Main Menu

Florida United Methodists continue to respond (Nov. 15, 2004)

Florida United Methodists continue to respond (Nov. 15, 2004)

e-Review Florida United Methodist News Service

Florida United Methodists continue to respond

Nov. 15, 2004    News media contact:  Michael Wacht*    
407-897-1140     Orlando  {0193}

NOTE:  A headshot of Whitaker is available at

An e-Review Commentary
By Bishop Timothy W. Whitaker**

We have learned a lot about disaster. We know now more than we would want to know about its costs-physical, financial, social and emotional.

We are beginning to learn about disaster response. The way a community responds to a disaster is remarkable. In some sense, the response is as chaotic as the disaster itself. Trying to organize quickly at a local level to take care of immediate needs for shelter, water and food, being unable to communicate because of poor telephone service, arranging for volunteers to help where they are really needed, and dealing with one another in stressful circumstances are typical aspects of disaster response during the emergency phase and the relief phase of the first several weeks.

The people of Florida, including United Methodists, deserve commendation for the way they have come together to help one another during the past several months. Especially we are grateful for the tireless labor of our district disaster coordinators and their helpers who have been marvelous in their service to congregations and communities.

Now, we are beginning the longest and most complicated phase of disaster response, which is the recovery. The recovery is the period of about two years when the cleanup is completed, homes and businesses are repaired, and people's lives are put back together. The phase of recovery is the most difficult because there is so much to do, and the work is not glamorous, and most of it is done in obscurity without the bright lights of cameras.

Over the years The United Methodist Church has developed an essential role in the phase of recovery. Within the large network of government agencies, non-government organizations and churches, different groups play different roles. Some groups are organized to do most of their work during the period of emergency and relief the first several weeks, and then they leave the scene of a disaster. Others, like The United Methodist Church, pledge to the rest of the groups in the network to make their major contribution during the recovery. United Methodists take on a major responsibility for case management and handling the needs of homeowners, displaced poor families and others by helping them to get the funds and volunteers they need to rebuild their lives.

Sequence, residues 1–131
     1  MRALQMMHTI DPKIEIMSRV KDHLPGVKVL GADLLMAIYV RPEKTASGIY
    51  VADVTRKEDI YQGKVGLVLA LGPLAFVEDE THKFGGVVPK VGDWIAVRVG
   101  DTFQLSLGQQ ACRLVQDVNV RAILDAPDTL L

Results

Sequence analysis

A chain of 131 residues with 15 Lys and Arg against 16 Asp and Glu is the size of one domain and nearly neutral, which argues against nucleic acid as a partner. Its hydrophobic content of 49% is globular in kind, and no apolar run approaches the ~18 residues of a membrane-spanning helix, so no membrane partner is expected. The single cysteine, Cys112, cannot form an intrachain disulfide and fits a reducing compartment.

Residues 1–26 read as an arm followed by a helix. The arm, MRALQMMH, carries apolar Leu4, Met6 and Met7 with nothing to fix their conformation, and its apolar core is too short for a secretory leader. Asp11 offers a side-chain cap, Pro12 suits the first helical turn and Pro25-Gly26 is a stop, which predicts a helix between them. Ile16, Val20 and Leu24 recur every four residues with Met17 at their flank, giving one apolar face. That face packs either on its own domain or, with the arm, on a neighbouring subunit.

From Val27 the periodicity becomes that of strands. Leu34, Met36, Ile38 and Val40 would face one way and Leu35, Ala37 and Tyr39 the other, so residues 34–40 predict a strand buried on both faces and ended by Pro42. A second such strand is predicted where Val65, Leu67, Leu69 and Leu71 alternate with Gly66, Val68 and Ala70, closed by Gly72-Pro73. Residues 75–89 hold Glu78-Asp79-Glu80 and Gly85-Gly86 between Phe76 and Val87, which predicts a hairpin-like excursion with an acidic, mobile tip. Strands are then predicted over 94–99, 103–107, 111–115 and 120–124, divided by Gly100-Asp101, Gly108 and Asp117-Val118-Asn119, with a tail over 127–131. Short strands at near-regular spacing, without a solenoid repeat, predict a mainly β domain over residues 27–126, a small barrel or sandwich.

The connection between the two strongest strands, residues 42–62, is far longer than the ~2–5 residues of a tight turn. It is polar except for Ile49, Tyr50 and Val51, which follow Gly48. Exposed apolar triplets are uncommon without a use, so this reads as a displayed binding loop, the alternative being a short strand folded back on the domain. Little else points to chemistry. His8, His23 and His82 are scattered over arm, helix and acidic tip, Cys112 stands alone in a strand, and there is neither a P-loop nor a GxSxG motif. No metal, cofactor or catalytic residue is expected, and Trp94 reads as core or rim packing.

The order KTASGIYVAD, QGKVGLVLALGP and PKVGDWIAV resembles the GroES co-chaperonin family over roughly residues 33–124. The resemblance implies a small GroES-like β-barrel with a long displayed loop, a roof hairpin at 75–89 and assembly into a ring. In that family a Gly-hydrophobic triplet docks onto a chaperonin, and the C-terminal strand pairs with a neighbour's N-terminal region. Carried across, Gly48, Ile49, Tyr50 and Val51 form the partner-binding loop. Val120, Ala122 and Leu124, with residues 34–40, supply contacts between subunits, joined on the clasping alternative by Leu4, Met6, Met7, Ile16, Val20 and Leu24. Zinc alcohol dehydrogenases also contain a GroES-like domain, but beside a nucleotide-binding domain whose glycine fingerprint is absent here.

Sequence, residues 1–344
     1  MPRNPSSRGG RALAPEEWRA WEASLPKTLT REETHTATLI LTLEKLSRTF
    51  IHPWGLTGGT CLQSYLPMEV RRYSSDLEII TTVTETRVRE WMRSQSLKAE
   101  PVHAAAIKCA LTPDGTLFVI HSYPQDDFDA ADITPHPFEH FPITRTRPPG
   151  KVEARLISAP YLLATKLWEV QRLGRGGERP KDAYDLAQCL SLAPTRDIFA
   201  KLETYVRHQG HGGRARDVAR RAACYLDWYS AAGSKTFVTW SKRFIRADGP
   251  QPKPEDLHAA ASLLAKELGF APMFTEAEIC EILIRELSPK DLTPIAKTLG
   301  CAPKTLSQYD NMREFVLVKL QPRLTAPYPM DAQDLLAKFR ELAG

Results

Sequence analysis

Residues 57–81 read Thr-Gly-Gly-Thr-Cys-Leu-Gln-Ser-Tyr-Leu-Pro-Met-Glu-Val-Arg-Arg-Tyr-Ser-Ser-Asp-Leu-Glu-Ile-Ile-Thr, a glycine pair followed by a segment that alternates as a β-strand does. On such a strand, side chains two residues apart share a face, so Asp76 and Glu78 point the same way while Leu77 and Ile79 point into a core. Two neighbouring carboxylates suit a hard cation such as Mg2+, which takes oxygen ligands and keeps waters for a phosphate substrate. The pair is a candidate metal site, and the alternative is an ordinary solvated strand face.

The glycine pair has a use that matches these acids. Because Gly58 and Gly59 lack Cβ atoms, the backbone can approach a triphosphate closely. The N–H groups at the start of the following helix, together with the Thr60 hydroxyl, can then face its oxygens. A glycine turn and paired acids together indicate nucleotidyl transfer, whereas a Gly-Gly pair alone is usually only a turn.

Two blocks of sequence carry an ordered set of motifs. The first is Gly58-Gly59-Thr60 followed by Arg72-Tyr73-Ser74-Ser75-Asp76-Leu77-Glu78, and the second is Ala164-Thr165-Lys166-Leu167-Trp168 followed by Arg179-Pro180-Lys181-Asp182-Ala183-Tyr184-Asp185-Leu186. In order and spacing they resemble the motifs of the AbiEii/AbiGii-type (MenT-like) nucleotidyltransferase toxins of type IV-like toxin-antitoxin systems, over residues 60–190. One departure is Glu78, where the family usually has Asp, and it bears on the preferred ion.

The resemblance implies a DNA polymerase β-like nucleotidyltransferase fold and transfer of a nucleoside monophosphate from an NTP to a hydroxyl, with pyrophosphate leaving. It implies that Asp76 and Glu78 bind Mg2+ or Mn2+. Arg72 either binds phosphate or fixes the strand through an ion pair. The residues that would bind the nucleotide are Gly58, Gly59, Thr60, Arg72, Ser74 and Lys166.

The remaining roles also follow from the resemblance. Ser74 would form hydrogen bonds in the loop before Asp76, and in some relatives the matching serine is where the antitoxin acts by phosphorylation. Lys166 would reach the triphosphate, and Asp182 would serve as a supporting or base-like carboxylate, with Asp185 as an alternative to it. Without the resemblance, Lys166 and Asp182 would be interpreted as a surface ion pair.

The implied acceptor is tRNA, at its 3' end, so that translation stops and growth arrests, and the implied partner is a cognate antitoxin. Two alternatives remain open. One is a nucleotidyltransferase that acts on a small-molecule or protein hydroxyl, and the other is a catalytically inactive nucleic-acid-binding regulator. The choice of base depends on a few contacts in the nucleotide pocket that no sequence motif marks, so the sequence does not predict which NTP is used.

How can you help? By calling the Florida Storm Recovery Center, 1-800-282-8011, extension 149, you can volunteer to be a case manager to work at least one day a week, or you can volunteer to help others with the tasks of rebuilding. There is still a need for unskilled labor, but over time there will be a need for people with some basic skills in electrical work, plumbing and carpentry. There is also a need for persons in the Lakeland area to volunteer to serve in the Storm Recovery Center to help coordinate the skills of volunteers with the needs of people in the various affected communities. Of course, financial contributions to the Florida Storm Recovery Fund are still much needed.

We in Florida are grateful to the staff members of the United Methodist Committee on Relief (UMCOR) who are working with Mrs. Marilyn Swanson, our Storm Recovery Project Director, to establish our system of case management.

To learn more about different kinds of training to help with the recovery, visit the Florida Conference website

When this is all over we shall have learned much about a disaster and how a community responds to it. We will have a much better understanding of our own Church's significant role in it. Surely, we will want to make some changes in preparation for future disasters. And no doubt there will be stories to tell about the amazing ways people struggled under the most difficult circumstances to act responsibly and compassionately as the people of God sustained and guided by the light of God that shone in Jesus Christ and is reflected in our hearts today.

This commentary relates to Florida Conference Disaster Response.

*Wacht is director of Florida United Methodist Communications and managing editor
of e-Review Florida United Methodist News Service.
**Whitaker is bishop of the Florida Conference.